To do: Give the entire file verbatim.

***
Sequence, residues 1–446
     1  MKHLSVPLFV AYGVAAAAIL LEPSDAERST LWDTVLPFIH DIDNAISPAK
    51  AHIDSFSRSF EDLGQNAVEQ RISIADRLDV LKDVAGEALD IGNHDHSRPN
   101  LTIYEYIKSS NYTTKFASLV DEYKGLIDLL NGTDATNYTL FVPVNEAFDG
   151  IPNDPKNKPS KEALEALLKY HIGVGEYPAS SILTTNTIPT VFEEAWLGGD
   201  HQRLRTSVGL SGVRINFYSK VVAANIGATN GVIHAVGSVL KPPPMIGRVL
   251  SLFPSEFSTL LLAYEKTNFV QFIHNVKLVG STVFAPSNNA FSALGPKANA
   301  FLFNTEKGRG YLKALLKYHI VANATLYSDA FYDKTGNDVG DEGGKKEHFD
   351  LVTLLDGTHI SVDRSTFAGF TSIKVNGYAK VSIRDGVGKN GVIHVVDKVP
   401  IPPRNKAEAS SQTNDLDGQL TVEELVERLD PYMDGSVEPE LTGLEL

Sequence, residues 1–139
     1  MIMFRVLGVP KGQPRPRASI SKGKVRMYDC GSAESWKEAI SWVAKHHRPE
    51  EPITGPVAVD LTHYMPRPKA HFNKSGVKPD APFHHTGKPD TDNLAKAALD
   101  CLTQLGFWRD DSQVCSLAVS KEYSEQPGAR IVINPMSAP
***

Sequence, residues 1–446
     1  MKHLSVPLFV AYGVAAAAIL LEPSDAERST LWDTVLPFIH DIDNAISPAK
    51  AHIDSFSRSF EDLGQNAVEQ RISIADRLDV LKDVAGEALD IGNHDHSRPN
   101  LTIYEYIKSS NYTTKFASLV DEYKGLIDLL NGTDATNYTL FVPVNEAFDG
   151  IPNDPKNKPS KEALEALLKY HIGVGEYPAS SILTTNTIPT VFEEAWLGGD
   201  HQRLRTSVGL SGVRINFYSK VVAANIGATN GVIHAVGSVL KPPPMIGRVL
   251  SLFPSEFSTL LLAYEKTNFV QFIHNVKLVG STVFAPSNNA FSALGPKANA
   301  FLFNTEKGRG YLKALLKYHI VANATLYSDA FYDKTGNDVG DEGGKKEHFD
   351  LVTLLDGTHI SVDRSTFAGF TSIKVNGYAK VSIRDGVGKN GVIHVVDKVP
   401  IPPRNKAEAS SQTNDLDGQL TVEELVERLD PYMDGSVEPE LTGLEL

Sequence, residues 1–139
     1  MIMFRVLGVP KGQPRPRASI SKGKVRMYDC GSAESWKEAI SWVAKHHRPE
    51  EPITGPVAVD LTHYMPRPKA HFNKSGVKPD APFHHTGKPD TDNLAKAALD
   101  CLTQLGFWRD DSQVCSLAVS KEYSEQPGAR IVINPMSAP